Which is all fine and good…except I’m not a freelancer.

I know it’s not all or nothing. I don’t have to choose sides, so to speak, but I do need to choose priorities. I’m still interested in writing essays and improving my craft, but I also want to finish my novel and continue writing short stories.

That is why summer is the perfect time for me to step out of the rushing river of social media and submissions, and give myself some space to examine my goals and dreams.

river

I love living along this gorgeous river.

I’m in good company, at least. Two writers that I admire greatly, Nina Badzin and Lindsey Mead, have both written blog posts in a similar vein. It’s important that everyone, not just writers, take time to step out of the busy pace of life to reevaluate and examine, to track their steps and see if they want to continue along the same path, or change directions.

My little guy at a crossroads.

I was listing to Krista Tippet’s On Being podcast the other day and was struck by something her guest, writer and thinker Maria Popova, said:

“Identity is this perpetual process, it’s like constantly clearing out and rearranging an attic, and it’s as much about throwing out all the furniture and trinkets that no longer serve us as bringing in new ones. In that sense, it’s just as important to continue defining who we are, is to continue eliminating who we are not.”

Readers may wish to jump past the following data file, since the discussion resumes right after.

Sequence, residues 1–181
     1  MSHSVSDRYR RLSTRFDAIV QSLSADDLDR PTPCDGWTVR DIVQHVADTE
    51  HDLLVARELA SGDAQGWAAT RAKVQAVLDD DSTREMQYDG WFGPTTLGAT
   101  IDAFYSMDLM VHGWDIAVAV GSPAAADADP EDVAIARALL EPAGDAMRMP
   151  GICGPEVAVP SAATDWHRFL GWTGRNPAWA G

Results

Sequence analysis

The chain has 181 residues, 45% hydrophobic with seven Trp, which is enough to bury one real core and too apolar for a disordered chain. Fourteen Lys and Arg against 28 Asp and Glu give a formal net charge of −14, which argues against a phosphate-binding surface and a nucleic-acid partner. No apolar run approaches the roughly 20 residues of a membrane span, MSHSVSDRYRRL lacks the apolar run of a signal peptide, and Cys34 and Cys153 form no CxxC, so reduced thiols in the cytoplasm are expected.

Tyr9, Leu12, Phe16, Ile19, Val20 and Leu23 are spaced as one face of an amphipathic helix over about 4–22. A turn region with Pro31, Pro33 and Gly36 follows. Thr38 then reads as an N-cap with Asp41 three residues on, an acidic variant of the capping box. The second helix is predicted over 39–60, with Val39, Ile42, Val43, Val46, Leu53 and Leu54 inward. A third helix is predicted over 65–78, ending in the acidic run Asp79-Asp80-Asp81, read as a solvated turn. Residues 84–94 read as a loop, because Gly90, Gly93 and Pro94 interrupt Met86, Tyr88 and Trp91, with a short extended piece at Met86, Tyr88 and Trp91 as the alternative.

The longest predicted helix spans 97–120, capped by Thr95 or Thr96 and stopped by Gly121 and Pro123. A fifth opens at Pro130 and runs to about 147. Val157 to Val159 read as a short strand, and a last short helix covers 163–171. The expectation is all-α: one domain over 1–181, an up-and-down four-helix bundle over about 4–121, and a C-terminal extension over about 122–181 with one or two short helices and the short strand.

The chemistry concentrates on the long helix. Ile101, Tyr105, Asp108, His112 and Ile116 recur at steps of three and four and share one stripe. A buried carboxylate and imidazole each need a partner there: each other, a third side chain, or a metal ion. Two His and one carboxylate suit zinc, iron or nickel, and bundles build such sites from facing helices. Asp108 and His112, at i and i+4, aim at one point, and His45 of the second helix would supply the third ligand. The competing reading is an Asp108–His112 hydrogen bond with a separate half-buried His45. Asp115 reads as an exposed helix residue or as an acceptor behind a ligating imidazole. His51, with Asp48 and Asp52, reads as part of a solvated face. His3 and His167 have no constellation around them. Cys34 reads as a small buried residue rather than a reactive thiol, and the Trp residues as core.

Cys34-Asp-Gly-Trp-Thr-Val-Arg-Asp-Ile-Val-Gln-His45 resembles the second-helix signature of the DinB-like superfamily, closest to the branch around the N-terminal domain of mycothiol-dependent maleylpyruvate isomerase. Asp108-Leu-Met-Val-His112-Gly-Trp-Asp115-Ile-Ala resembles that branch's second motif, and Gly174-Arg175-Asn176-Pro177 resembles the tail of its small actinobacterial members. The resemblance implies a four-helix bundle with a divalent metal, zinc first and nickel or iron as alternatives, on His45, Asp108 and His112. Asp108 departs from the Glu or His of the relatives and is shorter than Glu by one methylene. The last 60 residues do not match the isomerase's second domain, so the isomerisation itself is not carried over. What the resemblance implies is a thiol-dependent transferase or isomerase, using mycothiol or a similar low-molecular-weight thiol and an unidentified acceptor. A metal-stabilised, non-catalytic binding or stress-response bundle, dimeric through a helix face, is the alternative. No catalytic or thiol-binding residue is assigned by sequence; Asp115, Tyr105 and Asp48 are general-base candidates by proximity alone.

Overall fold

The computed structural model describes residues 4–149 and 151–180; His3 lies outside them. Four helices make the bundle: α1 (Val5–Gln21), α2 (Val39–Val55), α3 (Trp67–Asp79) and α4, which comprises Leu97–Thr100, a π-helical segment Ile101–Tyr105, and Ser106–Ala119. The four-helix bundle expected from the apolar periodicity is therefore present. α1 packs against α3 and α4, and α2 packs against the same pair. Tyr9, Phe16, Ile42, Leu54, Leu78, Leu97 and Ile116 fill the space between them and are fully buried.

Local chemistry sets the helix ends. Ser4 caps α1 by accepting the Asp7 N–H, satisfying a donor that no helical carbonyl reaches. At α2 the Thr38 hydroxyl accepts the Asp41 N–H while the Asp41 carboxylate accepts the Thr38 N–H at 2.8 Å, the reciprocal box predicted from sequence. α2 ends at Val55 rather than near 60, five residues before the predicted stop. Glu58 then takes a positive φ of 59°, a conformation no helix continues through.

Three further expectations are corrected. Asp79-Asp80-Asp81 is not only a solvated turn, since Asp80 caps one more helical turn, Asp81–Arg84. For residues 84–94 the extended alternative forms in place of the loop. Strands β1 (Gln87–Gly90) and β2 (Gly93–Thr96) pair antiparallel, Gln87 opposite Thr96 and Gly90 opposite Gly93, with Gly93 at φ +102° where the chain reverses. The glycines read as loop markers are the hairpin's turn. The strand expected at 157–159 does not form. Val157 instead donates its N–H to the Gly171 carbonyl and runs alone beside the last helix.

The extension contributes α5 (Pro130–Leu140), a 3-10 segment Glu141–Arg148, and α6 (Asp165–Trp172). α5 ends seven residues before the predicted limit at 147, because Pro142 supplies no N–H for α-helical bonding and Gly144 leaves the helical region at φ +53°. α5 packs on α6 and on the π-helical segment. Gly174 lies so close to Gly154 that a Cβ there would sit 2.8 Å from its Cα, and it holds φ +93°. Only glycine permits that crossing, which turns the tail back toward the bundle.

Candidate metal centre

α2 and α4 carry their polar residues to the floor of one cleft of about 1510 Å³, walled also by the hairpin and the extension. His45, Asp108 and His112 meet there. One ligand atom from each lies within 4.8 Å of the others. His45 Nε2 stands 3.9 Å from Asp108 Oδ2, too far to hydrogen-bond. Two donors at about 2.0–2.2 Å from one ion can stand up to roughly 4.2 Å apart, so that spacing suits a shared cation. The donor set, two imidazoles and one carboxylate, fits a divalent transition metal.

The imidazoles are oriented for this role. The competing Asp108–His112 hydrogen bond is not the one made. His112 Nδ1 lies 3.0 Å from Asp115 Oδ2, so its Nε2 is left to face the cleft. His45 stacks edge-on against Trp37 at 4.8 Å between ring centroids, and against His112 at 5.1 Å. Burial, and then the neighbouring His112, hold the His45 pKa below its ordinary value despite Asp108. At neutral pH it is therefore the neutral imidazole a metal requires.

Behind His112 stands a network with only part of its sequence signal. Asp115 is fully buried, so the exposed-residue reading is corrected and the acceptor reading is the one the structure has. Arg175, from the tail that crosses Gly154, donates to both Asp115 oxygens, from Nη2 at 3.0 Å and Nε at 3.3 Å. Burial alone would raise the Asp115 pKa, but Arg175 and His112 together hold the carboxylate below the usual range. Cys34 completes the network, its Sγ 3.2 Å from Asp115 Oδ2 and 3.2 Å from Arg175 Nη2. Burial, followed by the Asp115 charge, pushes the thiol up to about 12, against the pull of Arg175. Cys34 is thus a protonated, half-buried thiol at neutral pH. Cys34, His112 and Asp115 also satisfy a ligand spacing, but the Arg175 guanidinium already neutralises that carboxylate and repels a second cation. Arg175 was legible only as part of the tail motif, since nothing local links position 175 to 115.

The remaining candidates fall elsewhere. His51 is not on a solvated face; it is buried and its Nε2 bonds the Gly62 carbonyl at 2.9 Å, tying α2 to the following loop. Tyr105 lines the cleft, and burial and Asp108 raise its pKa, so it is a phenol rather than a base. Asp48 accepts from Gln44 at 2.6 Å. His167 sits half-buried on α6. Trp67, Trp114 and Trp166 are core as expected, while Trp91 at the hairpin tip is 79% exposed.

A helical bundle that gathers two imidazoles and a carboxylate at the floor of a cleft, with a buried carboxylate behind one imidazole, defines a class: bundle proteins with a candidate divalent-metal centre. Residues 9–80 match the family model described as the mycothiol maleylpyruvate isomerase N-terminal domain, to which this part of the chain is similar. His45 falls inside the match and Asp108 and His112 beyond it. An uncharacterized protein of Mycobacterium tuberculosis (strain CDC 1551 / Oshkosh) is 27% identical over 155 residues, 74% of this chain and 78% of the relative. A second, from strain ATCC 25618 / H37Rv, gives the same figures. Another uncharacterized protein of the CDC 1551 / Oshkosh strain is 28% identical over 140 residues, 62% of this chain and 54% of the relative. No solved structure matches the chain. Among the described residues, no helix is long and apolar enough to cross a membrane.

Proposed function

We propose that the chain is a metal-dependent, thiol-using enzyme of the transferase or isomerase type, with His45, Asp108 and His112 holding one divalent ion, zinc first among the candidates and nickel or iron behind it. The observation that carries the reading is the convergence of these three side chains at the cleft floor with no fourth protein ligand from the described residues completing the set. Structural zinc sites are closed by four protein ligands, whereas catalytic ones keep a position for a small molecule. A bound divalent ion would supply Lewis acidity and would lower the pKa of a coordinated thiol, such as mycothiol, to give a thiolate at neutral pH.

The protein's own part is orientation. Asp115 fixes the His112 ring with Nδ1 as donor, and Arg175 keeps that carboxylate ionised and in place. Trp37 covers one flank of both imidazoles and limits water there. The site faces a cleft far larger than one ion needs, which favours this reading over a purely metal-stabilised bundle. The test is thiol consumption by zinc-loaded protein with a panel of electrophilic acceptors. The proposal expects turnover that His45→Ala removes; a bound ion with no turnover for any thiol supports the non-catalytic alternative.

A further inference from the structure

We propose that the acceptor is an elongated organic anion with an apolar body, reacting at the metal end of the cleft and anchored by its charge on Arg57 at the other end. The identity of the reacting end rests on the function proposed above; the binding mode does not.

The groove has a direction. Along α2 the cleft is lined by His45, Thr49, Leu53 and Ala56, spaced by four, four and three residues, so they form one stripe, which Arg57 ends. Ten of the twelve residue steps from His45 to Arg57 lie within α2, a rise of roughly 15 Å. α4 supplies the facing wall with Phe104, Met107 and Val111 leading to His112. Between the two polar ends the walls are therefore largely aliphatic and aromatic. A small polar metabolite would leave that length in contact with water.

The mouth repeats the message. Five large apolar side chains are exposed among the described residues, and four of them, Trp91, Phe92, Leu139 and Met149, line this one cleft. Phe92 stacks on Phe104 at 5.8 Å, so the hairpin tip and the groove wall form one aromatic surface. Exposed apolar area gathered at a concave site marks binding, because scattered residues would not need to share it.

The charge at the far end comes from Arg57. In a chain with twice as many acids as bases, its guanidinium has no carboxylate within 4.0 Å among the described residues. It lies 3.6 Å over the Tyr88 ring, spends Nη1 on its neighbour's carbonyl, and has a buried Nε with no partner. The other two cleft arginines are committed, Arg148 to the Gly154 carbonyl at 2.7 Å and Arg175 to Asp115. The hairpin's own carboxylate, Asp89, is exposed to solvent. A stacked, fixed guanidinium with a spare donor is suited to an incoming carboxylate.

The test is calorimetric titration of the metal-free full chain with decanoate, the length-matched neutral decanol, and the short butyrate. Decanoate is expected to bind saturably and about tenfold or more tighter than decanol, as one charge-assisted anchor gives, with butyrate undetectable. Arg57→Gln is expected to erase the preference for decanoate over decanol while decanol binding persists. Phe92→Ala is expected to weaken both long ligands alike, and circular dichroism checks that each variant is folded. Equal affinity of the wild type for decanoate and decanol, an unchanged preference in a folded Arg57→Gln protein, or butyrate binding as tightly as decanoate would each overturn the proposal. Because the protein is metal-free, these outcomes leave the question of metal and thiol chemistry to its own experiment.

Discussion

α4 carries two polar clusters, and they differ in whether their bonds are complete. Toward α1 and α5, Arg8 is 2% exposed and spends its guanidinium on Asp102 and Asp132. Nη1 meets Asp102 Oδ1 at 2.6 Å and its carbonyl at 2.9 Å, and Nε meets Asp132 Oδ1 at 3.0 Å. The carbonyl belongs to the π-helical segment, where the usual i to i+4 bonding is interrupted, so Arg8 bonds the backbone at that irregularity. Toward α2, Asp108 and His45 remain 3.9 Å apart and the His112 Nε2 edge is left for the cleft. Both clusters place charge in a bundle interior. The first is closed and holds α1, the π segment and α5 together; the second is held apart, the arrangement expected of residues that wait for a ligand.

As I veer headlong toward my fortieth birthday, it’s actually something of a pleasure to dive into this self-work – this vital sifting of who I am, which I believe I’m better equipped to do now more than ever.

 

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Being Here

be here 1

I’m having some trouble being here. Not here on the blog, but here in my life.

Over the past few months I’ve started a new blog (this one!), rejoined Instagram and Goodreads, signed up for Twitter (yes, I know I’m late), and after years of holding out, I’ve joined the ranks of every other person I know and opened a Facebook account.

Initially, I tried to ignore Facebook because it seemed like an online high school reunion, which I had no interest in taking part in (still don’t). But also because it reminds me of yearbook culture [shudder].